When I started weaving someone told me about using tea to stain baskets. It is still one of my favorite ways to finish basket, I love the rich color and I like the smell of the tea brewing. I especially like that this is a non-toxic way to finish a basket.
Cheap tea (I usually buy a box of 100 tea bags at the dollar store)
Ammonia (be sure it is NOT sudsy ammonia)
A big pot – (Dutch oven or stock pot)
A stove or hotplate
A new garbage bag.
A slotted spoon or something to remove the tea bags with
Where should you do this?
Ahhh – a non-toxic finish for baskets! You can do this in the kitchen!
Use the slotted spoon to scoop out the tea bags.
Use the ladle or mug to pour the hot tea over your basket. You may also dip the basket, but do not soak the basket. Just make sure every part of the basket gets touched with the tea. It will not look very dark – it will mostly look wet.
The basket will remain in the bag for 1 – 1 ½ hours. Every fifteen minutes shake the bag.
Remove the basket and let it dry completely. I usually do this part outside. It will be food safe when dry.
Why does this work?
The color you see is the tannin in the tea. The ammonia is acting as a fixative or mordant.
For those of you interested – ammonia is not a true mordant, but it ‘acts’ as a mordant with tea because it adjusts the PH.
And there’s more than one way to Tea Stain a basket
My friend Regina, keeps a covered container of tea with some ammonia in her garage. The container is large enough to dip baskets.
She takes her baskets and dips them, lets them dry – and repeats if she wants the basket a little darker.
I asked her for a recipe – how much tea, water, ammonia. She says it’s an experiment. She just adds more water and ammonia and tea bags when needed. Her baskets are beautiful. Maybe you are brave enough to do it her way 🙂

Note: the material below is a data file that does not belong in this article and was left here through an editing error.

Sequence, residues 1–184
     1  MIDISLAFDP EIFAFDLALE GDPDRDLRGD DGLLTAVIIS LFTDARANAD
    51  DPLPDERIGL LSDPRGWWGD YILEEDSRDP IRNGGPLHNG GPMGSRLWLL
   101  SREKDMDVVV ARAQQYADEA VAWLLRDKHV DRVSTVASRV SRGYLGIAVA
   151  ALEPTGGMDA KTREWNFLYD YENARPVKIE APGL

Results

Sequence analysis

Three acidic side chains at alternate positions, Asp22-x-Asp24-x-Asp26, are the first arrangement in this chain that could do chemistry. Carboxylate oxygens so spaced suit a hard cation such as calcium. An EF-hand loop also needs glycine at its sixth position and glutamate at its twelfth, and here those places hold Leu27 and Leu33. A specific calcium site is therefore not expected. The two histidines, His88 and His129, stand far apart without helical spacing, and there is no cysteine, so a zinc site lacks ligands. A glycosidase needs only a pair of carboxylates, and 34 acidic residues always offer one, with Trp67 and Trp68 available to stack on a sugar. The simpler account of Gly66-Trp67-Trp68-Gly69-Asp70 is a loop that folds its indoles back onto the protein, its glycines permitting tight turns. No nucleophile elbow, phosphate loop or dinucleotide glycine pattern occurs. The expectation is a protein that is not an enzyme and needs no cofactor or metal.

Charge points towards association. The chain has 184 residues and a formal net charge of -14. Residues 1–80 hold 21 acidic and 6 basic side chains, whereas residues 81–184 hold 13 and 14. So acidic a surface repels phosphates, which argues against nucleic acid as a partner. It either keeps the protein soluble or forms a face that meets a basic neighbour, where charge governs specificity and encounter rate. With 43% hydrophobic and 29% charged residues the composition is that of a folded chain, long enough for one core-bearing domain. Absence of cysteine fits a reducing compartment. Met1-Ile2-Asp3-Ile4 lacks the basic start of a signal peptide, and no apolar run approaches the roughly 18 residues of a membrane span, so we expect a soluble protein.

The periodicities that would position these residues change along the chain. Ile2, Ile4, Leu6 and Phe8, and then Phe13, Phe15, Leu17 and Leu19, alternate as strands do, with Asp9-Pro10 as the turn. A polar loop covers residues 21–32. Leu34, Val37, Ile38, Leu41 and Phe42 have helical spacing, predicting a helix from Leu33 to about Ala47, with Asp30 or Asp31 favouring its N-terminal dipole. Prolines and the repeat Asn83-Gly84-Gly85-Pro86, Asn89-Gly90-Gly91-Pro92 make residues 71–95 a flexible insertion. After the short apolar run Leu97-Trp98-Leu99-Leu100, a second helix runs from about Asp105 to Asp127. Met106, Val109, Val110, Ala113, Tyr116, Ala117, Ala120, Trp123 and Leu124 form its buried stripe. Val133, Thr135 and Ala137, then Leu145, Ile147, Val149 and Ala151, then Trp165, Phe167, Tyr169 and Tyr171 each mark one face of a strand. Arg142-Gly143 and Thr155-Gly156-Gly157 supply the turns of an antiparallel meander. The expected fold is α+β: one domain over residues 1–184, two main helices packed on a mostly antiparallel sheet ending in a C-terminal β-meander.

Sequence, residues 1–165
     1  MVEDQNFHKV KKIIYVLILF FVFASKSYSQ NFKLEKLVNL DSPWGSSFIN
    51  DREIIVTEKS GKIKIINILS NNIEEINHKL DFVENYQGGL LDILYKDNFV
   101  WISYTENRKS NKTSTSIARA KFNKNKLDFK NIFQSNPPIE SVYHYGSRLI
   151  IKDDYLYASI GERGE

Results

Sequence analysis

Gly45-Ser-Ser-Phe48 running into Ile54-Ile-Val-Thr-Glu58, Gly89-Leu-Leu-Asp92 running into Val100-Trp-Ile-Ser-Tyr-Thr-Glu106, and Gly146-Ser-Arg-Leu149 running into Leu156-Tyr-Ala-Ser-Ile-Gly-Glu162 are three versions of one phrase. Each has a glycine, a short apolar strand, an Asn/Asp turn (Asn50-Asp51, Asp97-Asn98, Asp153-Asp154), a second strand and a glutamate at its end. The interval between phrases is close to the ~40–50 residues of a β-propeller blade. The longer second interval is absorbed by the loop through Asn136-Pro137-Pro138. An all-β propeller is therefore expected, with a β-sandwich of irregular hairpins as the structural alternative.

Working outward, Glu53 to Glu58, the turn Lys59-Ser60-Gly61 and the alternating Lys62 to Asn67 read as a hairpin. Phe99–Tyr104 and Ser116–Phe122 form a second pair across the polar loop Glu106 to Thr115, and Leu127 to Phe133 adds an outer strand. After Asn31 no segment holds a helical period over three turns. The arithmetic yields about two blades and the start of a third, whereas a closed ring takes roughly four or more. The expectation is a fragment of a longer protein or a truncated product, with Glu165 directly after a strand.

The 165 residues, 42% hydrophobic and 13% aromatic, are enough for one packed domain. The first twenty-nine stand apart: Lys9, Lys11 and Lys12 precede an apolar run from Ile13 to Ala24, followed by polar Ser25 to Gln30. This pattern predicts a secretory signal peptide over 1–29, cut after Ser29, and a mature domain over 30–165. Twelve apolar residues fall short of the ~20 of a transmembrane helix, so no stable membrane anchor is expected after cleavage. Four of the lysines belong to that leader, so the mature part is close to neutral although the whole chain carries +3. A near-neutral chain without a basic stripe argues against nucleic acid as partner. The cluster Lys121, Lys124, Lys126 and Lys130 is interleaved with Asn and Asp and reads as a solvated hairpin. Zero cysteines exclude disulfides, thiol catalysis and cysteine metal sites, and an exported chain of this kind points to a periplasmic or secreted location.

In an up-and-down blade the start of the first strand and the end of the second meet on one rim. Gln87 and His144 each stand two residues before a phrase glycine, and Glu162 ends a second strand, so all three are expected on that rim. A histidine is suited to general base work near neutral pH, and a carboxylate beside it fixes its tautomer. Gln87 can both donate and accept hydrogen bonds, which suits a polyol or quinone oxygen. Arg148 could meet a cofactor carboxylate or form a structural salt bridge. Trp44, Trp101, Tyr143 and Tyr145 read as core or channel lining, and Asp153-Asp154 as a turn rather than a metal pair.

You can also use instant tea. Make up a batch of tea, dip the basket and toss into a garbage bag with ammonia.
To Tea Stain or not to Tea Stain
Tea staining works great on reed or rattan.
I do not suggest using this on basket with wood bases, or baskets made with wood. The process saturates the material which can break wood bases. The tannin in the tea can react with the tannin in the wood, the end result of which is black and not a pretty black. I have used it with success on oak handles, but not much success on any other wood.
I would also suggest not tea staining metal. You will notice I removed the bells from the Christmas basket after it was dry – the process discolored the metal and left black marks on the basket.
Also – if you have dyed reed in the basket, consider that tea staining is like adding another color. If you are using black tea, it will add a little bit of orange. It is beautiful on reds and browns and even some greens, but it makes blues and purples kind of muddy.
If you are interested in patterns for any of the baskets pictured in this blog, just click on its photo. Except for Farmer’s Market – this is a new basket and the pattern is still in process.